The commercial farm (Azienda Agricola) Betti is a medium-sized Tuscan estate established at the beginning of 20th century that expands on about 60 hectares (just shy of 150 acres), 15 of which (about 37 acres) are dedicated to vineyards and 3.5 (about 8;65 acres), to the olive groves.
The property is located atop the ridges of the Montalbano Hills, at 150 to 200 meters above sea level (about 492 to 656 feet). The farm has passed from father to son since the late 1800's, and now belongs to the current owners, Paolo Betti and his sons, Guido and Gherardo.
The trio started restructuring the premises extensively with ongoing work, with the goal being to improve and update the wine making structures and technology.
The old vineyards, some of which date back to WWI, have been agronomically re-organized to produce better grapes. Some vineyards have been recovered by replacing some of the vines and by grafting others with younger plants. In other cases, the vines have been replaced completely. The new clones, as well as the type of culture, have been chosen with the specific location in mind. Obviously, they have prioritized the main vine of the Chianti zone, that is, the Sangiovese.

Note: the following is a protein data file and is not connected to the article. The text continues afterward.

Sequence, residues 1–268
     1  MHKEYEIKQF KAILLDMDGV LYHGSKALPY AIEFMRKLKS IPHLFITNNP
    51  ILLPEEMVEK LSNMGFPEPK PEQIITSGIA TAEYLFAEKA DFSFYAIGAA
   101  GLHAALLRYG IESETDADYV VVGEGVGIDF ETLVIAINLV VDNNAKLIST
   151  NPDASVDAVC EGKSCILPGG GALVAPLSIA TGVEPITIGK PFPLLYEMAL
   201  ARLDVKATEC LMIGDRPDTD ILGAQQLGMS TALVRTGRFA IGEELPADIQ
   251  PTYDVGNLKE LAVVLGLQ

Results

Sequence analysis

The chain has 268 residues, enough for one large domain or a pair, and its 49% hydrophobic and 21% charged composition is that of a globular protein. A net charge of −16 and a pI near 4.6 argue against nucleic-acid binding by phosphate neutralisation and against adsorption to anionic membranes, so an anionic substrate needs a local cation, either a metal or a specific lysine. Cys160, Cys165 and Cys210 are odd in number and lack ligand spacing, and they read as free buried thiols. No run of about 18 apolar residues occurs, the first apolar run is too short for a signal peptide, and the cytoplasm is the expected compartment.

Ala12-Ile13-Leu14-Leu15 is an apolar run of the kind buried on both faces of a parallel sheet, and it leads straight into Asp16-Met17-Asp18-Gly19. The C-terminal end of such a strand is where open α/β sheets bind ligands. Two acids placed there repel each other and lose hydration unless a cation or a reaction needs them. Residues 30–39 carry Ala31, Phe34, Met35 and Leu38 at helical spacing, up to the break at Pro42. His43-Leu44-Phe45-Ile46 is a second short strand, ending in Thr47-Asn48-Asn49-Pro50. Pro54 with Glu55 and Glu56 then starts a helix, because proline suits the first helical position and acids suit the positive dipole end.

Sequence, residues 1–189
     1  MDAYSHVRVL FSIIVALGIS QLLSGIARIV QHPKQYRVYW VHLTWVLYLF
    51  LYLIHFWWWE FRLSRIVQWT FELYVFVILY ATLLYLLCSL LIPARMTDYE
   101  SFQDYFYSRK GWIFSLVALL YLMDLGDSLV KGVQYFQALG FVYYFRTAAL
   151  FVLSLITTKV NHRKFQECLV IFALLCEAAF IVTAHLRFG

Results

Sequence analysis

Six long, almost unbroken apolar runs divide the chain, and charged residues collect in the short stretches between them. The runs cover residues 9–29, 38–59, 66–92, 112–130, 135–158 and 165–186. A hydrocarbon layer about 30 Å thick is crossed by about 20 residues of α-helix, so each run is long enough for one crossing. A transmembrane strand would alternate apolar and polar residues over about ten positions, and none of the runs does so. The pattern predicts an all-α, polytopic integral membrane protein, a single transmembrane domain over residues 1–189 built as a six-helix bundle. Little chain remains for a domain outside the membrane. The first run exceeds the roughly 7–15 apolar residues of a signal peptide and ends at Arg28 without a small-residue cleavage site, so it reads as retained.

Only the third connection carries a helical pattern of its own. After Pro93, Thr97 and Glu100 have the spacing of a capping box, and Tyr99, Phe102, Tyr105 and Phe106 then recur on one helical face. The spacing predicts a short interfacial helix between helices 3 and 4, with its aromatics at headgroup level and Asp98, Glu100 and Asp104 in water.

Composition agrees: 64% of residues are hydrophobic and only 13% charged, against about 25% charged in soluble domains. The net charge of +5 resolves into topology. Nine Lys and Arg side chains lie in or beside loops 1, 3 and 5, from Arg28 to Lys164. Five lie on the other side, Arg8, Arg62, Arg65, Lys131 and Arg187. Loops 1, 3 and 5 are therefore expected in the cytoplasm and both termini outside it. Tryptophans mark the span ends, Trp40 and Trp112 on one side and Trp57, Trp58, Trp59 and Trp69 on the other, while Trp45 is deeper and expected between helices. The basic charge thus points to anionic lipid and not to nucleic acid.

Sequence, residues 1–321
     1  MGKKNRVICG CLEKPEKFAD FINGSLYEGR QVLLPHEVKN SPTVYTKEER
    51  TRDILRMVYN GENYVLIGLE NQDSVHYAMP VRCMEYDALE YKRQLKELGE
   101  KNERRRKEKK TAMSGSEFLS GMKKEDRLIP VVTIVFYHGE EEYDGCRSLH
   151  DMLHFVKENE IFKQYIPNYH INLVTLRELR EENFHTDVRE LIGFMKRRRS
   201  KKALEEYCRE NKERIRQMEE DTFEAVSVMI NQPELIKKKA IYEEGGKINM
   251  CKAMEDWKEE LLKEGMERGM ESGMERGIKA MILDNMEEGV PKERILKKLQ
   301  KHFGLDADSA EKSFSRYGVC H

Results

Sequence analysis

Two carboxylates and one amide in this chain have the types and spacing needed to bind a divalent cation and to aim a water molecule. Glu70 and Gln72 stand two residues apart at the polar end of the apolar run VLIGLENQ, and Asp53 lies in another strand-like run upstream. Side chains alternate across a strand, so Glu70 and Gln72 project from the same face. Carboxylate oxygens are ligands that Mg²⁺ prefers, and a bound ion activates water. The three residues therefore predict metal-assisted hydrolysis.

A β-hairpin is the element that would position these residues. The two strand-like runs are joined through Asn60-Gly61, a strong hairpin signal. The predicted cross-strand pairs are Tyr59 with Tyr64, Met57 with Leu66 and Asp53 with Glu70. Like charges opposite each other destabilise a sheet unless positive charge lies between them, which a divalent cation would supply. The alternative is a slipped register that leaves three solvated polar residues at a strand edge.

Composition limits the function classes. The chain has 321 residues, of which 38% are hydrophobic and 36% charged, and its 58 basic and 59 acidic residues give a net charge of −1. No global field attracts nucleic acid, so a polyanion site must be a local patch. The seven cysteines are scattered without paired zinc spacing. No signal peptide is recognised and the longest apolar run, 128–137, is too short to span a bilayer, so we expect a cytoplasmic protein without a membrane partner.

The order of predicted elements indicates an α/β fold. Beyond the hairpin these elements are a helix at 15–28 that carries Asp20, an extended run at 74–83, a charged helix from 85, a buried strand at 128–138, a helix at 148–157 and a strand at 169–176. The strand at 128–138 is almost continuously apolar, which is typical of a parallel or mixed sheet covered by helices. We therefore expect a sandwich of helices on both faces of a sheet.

|A vintage photograph of the 'Cantinone'|
The renaissance-styled building was originally built as a winery in the early 1900s and was used to crush the grapes produced in the surrounding hills.
In the area, it is known as "Cantinone", or "the Big Winery", because of its size and the rectangular shape, that was unusual in the area at the time it was built. For a short period of time it was used as one of the three locations of the "Scuola-manifattura di Filet" (Filet School-Manufacturing Plant), founded in the late 1800s by the Countess Gabriella Rasponi Spalletti.
Currently it is used exclusively to crush, store and age the wine produced with the grapes grown on the estate property.
Both the aging and the winery sections are being restructured still, with the goal being to constantly improve the quality, until the best possible result is achieved.
Since 2003,new winemaking, aging and storing equipment has been installed and used. To the existing fifteen 50-hectoliter (1.320 gallons) oak barrels, French barriques have been added to improve aging and maturation of the wines, thus enhancing its specific perfumes.